Why banks love lending to you and me, but hate lending to corporates

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Regular readers of this column would know that I regularly refer to the sectoral deployment of credit data usually released by the Reserve Bank of India(RBI) at the end of every month. This data throws up interesting points which helps in looking beyond the obvious.
On December 31, 2015, the RBI released the latest set of sectoral deployment of credit data. And as usual the data throws up some interesting points.

What the banks refer to as retail lending, the RBI calls personal loans. This categorisation includes loans for buying consumer durables, home loans, loans against fixed deposits, shares, bonds, etc., education loans, vehicle loans, credit card outstanding and what everyone else other than RBI refer to as personal loans.

Banks have been extremely gung ho in giving out retail loans over the last one year. Between November 2014 and November 2015, scheduled commercial banks lent a total of Rs 5,04,213 crore (non-food credit). Of this amount the banks lent, 39.4% or Rs 1,98,727 crore were retail loans. Hence, retail loans formed closed to two-fifths of the total amount of lending carried out by banks in the last one year.

How was the scene between November 2013 and November 2014? Of the total lending of Rs 5,45,280 crore carried out by banks, around 27.7% or Rs 1,50,843 crore was retail lending. Hence, there has been a clear jump in retail lending as a proportion of total lending over the last one year.

In fact, if we look at the breakdown of retail lending (or what RBI refers to as personal loans) more interesting points come out.

Outstanding as on: (In Rs crore) Nov.28, 2014 Nov.27, 2015 Increase(in Rs crore) Increase in %
Personal Loans 1105910 1304637 198727 17.97%
Consumer Durables 14660 16545 1885 12.86%
Housing (Including Priority Sector Housing) 594603 705235 110632 18.61%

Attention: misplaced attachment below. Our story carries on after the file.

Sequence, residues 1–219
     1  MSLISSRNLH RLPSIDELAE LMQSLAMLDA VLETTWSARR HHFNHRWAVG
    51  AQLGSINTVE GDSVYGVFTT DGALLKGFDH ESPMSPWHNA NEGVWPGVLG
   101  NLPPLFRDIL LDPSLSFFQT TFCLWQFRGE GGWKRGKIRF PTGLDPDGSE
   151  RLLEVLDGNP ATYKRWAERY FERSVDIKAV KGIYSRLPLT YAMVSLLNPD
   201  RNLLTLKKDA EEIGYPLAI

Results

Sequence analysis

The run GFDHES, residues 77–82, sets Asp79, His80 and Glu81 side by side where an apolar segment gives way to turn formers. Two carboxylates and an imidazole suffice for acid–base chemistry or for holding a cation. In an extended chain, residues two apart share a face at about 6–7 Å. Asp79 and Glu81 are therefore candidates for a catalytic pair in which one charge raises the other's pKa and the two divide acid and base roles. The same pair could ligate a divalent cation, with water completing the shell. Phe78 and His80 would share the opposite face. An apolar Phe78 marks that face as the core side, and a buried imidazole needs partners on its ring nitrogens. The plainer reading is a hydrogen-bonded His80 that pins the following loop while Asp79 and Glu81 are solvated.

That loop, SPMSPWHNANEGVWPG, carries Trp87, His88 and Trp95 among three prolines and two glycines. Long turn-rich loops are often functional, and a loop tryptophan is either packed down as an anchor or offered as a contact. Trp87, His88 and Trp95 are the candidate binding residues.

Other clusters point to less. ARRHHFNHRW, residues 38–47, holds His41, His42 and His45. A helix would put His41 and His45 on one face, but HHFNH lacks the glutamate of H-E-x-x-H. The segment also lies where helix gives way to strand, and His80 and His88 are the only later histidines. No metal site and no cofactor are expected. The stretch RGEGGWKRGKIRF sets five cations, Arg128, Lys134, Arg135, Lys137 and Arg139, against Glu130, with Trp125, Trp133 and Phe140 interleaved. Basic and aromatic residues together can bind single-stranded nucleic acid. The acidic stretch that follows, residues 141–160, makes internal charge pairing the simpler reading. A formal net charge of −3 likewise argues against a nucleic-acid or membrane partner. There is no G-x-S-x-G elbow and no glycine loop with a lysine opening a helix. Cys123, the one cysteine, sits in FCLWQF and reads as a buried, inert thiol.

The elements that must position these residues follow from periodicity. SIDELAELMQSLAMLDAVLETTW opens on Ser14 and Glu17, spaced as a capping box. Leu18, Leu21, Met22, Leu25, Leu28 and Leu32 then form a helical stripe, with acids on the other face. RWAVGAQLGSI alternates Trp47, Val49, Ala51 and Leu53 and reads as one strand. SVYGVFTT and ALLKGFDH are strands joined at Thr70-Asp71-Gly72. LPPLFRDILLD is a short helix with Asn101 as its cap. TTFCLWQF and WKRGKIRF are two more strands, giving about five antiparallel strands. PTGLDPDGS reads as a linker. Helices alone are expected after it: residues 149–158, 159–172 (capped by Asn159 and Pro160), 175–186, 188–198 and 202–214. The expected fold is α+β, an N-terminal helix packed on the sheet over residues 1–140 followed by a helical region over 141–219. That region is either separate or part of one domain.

Advances against Fixed Deposits 55339 60458 5119 9.25%
Advances to Individuals against share, bonds, etc. 3861 6886 3025 78.35%
Credit Card Outstanding 29486 37646 8160 27.67%
Education 62721 67682 4961 7.91%
Vehicle Loans 119410 137887 18477 15.47%
Other Personal Loans 225830 272297 46467 20.58%

 

The overall increase in retail loans has been around 18% over the last one year. This is significantly better than 8.8% increase in overall lending by banks (non-food credit i.e.). Within retail loans, vehicle loans and consumer durables have grown slower than the overall growth in retail loans. How did things stand between November 2013 and November 2014?

Outstanding as on (in Rs crore) November 29, 2013 November 28,2014 Increase in Rs crore Increase in %
Personal Loans 955067 1105910 150843 15.79%
Consumer Durables 9987 14660 4673 46.79%
Housing (Including Priority Sector Housing) 510171 594603 84432 16.55%
Advances against Fixed Deposits 56032 55339 -693 -1.24%
Advances to Individuals against share, bonds, etc. 2832 3861 1029 36.33%
Credit Card Outstanding 24147 29486 5339 22.11%
Education 58953 62721 3768 6.39%
Vehicle Loans 97914 119410 21496 21.95%
Other Personal Loans 195028 225830 30802 15.79%

The retail loans between November 2013 and November 2014 had grown by 15.8%. In comparison, the growth between November 2014 and November 2015 was at 18%. This increase can be attributed to the 125 basis points repo rate cut carried out by the Reserve Bank of India during the course of this year. One basis point is one hundredth of a percentage. Repo rate is the rate at which RBI lends to banks and acts as a sort of a benchmark to the interest rates that banks pay for their deposits and in turn charge on their loans.